Evaluating Results - Web Site Quality
Evaluating the Web Sites In Your Results List: Tips and Hints
The following points summarize the highlights from the web sites listed below:
Who publishes the Web site? What is the domain? If not readily apparent, find out who owns the domain at Whois
Is the site a personal page; a page on an .edu Web site?
Is the author reputable in the field? Have you heard of him/her? If not, can you find information on the author verifying authority either online or in print?
What are his/her qualifications for publication?
Is there an email address listed to contact the author for additional information?
Is there an About section to give the searcher some of this information?
There should be a relatively recent date of last update listed on the page. Also check the data itself for currency. Is it still up-to-date and accurate? Are there many dead links on the site?
Ascertaining bias or lack of objectivity is critical. Are the publishers of the site trying to sell you something? Or convert you to a specific point of view?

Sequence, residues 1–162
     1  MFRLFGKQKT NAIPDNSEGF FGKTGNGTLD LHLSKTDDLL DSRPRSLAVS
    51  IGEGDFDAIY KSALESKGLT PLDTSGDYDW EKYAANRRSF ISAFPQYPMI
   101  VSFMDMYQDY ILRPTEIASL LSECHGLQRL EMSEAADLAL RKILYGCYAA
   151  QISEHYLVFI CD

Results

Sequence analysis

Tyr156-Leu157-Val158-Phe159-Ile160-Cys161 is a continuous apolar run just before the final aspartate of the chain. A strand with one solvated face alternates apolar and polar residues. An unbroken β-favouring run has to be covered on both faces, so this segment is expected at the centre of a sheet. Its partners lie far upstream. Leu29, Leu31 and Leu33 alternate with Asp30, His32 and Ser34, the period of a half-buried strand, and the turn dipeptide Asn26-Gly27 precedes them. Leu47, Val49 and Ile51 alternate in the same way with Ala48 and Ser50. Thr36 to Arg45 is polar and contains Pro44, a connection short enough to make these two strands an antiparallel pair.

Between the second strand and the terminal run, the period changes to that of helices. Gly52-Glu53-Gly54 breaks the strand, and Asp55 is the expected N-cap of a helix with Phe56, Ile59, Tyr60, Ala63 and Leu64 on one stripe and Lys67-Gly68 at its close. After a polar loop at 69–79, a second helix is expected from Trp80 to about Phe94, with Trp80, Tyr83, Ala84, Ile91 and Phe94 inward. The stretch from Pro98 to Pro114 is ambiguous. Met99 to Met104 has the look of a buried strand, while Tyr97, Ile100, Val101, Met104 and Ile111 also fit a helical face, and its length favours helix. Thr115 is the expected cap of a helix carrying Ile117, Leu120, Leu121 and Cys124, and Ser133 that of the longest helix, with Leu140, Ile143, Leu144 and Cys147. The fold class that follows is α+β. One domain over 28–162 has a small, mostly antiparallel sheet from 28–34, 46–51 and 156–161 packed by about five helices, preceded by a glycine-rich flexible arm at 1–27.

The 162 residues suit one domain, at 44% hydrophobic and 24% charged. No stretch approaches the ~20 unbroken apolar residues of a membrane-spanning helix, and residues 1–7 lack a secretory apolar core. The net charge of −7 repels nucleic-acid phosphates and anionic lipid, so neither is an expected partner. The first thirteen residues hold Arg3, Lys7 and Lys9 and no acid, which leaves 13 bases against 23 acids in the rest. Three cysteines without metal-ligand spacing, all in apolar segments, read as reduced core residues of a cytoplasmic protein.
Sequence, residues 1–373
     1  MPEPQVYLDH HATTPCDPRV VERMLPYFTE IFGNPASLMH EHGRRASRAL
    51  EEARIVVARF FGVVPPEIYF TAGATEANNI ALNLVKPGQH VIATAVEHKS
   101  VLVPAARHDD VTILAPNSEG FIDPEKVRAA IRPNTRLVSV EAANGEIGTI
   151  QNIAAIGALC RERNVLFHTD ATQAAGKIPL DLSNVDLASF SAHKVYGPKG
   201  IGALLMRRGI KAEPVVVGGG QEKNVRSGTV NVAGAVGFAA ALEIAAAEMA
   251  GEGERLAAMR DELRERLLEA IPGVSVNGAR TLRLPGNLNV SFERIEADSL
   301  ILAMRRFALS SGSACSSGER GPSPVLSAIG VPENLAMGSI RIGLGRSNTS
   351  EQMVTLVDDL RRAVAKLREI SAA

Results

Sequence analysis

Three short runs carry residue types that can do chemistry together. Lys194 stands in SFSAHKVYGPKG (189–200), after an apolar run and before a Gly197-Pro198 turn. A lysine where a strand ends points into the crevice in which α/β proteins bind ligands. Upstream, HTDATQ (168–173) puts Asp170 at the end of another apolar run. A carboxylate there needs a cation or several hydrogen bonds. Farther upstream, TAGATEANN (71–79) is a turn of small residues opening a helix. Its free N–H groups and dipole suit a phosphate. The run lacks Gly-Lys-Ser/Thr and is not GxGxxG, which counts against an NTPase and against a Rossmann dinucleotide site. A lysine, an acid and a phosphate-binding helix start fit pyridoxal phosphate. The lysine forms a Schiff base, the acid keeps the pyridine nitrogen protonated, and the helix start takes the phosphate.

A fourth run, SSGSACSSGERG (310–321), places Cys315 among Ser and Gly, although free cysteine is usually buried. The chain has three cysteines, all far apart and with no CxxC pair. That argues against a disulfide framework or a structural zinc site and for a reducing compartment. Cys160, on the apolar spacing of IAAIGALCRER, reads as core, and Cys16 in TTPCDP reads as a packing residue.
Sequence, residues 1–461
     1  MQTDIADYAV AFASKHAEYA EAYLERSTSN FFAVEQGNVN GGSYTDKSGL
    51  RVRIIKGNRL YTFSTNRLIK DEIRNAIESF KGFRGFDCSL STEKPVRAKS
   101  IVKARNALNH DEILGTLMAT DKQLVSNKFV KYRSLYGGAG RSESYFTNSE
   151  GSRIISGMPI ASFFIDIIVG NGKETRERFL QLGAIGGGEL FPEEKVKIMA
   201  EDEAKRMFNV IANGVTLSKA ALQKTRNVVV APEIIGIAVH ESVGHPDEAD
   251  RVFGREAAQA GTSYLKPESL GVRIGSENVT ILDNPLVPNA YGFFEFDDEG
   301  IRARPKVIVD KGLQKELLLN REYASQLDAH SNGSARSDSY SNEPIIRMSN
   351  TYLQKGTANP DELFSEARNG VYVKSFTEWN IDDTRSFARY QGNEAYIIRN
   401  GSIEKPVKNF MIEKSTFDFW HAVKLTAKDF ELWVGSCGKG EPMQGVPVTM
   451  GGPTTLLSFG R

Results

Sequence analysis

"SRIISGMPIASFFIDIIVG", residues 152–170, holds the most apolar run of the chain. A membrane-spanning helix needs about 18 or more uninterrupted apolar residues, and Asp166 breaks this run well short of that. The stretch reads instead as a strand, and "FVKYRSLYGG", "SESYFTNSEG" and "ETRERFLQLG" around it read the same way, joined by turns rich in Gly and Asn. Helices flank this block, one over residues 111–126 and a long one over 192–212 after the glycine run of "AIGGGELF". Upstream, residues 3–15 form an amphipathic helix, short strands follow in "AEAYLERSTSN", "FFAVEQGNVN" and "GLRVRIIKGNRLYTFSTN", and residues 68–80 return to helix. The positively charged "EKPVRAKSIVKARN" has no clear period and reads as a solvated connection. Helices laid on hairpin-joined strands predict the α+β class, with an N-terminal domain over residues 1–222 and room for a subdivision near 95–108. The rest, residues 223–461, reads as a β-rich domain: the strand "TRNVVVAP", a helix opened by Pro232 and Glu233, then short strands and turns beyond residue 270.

Your own background
Evaluation of quality of information depends upon the background the searcher brings to his search. If you don't have an extensive background in the area in which you are seeking information, you need to verify your results by checking with other Web sites or print sources. Do they all agree?
Clear, succinct, written for kids by an educator.
Evaluating the Quality of Information on the Internet This site, run by law librarian Genie Tyburski of Ballard Spahr Andrews & Ingersoll, was originally designed for legal professionals. It does an excellent job in assisting users perform legal research on the Web and focuses on evaluating Web resources. A great resource for all Web researchers.